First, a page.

The Journal of Hip Surgery 2017; 01(04): 180-185
DOI: 10.1055/s-0038-1627447
Original Article
Thieme Medical Publishers 333 Seventh Avenue, New York, NY 10001, USA.

Line-to-Line Reaming of Highly Porous Acetabular Components Improves Position and Reduces Variability of Component Placement

Hany Bedair
1   Department of Orthopedics, Massachusetts General Hospital, Boston, Massachusetts
2   Department of Orthopedics, Newton-Wellesley Hospital, Newton, Massachusetts
Valentin Antioch
1   Department of Orthopedics, Massachusetts General Hospital, Boston, Massachusetts
Sebastian Heaven
1   Department of Orthopedics, Massachusetts General Hospital, Boston, Massachusetts
› Author Affiliations
Further Information

Publication History

01 May 2017

07 December 2017

Publication Date:
14 February 2018 (online)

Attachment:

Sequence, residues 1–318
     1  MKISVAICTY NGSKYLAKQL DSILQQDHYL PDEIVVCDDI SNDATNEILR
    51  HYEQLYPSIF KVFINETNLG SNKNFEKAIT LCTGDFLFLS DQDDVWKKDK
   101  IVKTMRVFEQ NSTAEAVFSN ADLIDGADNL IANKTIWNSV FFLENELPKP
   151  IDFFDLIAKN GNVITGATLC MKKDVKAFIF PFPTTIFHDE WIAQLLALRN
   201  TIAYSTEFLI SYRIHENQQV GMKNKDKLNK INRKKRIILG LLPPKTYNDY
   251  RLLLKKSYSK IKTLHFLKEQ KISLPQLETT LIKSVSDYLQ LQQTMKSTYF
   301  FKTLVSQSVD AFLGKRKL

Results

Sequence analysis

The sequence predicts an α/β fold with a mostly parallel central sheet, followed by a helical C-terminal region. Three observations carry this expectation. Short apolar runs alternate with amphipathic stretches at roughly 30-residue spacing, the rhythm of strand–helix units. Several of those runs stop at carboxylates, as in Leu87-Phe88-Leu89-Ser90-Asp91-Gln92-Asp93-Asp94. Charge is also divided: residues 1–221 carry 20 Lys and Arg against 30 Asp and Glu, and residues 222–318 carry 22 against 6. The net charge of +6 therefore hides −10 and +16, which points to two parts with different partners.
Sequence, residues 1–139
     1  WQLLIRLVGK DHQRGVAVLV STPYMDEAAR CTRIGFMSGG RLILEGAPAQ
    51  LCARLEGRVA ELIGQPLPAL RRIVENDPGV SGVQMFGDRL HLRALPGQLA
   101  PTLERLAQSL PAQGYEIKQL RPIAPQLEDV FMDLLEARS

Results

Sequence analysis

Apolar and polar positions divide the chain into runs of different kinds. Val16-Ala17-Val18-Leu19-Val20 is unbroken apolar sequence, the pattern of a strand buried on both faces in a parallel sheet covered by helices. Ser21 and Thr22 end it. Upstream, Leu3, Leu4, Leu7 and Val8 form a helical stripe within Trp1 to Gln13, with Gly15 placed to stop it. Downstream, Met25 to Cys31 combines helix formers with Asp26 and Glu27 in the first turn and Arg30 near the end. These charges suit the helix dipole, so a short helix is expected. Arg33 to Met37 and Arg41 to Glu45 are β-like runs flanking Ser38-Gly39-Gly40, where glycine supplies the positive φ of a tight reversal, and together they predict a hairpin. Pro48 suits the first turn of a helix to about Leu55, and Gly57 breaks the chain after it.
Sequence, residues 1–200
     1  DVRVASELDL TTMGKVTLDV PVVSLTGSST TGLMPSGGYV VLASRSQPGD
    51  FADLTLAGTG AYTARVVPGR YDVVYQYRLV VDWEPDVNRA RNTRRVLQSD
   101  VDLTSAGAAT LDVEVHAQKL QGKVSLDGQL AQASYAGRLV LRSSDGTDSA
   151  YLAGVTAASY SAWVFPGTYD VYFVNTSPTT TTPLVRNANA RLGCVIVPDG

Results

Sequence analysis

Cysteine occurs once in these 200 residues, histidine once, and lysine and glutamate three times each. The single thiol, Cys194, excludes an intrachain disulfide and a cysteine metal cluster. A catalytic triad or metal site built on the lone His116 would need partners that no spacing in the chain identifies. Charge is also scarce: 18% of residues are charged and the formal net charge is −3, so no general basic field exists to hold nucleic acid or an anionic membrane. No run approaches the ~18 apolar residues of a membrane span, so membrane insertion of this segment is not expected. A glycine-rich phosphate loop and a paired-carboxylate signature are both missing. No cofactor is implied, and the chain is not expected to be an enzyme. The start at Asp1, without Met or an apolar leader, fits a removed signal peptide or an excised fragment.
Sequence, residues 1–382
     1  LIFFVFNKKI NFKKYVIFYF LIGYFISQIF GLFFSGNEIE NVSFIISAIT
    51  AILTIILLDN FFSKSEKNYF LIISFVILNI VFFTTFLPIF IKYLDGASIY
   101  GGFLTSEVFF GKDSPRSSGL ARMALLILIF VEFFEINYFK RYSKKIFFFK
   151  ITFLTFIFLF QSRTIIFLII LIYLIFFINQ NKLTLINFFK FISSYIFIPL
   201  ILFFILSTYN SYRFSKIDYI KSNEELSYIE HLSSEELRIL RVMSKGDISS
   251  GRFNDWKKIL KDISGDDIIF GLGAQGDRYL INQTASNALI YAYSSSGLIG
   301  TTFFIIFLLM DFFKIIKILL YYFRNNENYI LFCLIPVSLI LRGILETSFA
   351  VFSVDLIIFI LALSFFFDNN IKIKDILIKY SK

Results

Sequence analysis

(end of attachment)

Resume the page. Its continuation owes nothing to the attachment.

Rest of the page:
Accurate and precise acetabular component position in total hip arthroplasty remains challenging even for experienced, high-volume surgeons. Some variability may result from the press-fit technique of cementless components and maybe magnified by the use of highly porous cups with high-friction surfaces. The purpose of this study is to investigate the acetabular component positioning of a hemispherical, highly porous cup with line-to-line reaming compared with press-fit techniques. A retrospective cohort study was performed of 110 consecutive primary total hip arthroplasties performed by a single surgeon using a highly porous acetabular component. Half of the patients had the component implanted with a line-to-line reaming technique and the other half were implanted using a 1 mm press-fit technique. Postoperative radiographs were evaluated for component positioning and loosening at a minimum of 1 year postoperatively by two independent surgeons. Records were reviewed for subsequent surgery. There were no differences between the groups with respect to age, sex, body mass index, operative side, or acetabular component size. The press-fit group had an average abduction angle of 49.4 ± 5° and anteversion of 20.6 ± 7°. The line-to-line group had an average abduction angle of 45.02° [standard deviation (SD) 4.58] and anteversion of 25.42° (SD 4.44) and were statistically different from the press-fit group (p < 0.01). There was significantly less variability in the line-to-line group with respect to anteversion (F-test, p < 0.01) compared with the press-fit group. At most recent follow-up, there were no dislocations, revisions for any reason, or radiographic evidence of loosening in either group. Line-to-line reaming for highly porous cups can improve component positioning and reduce variability compared with press-fit techniques with no difference in fixation or other clinical outcome parameters.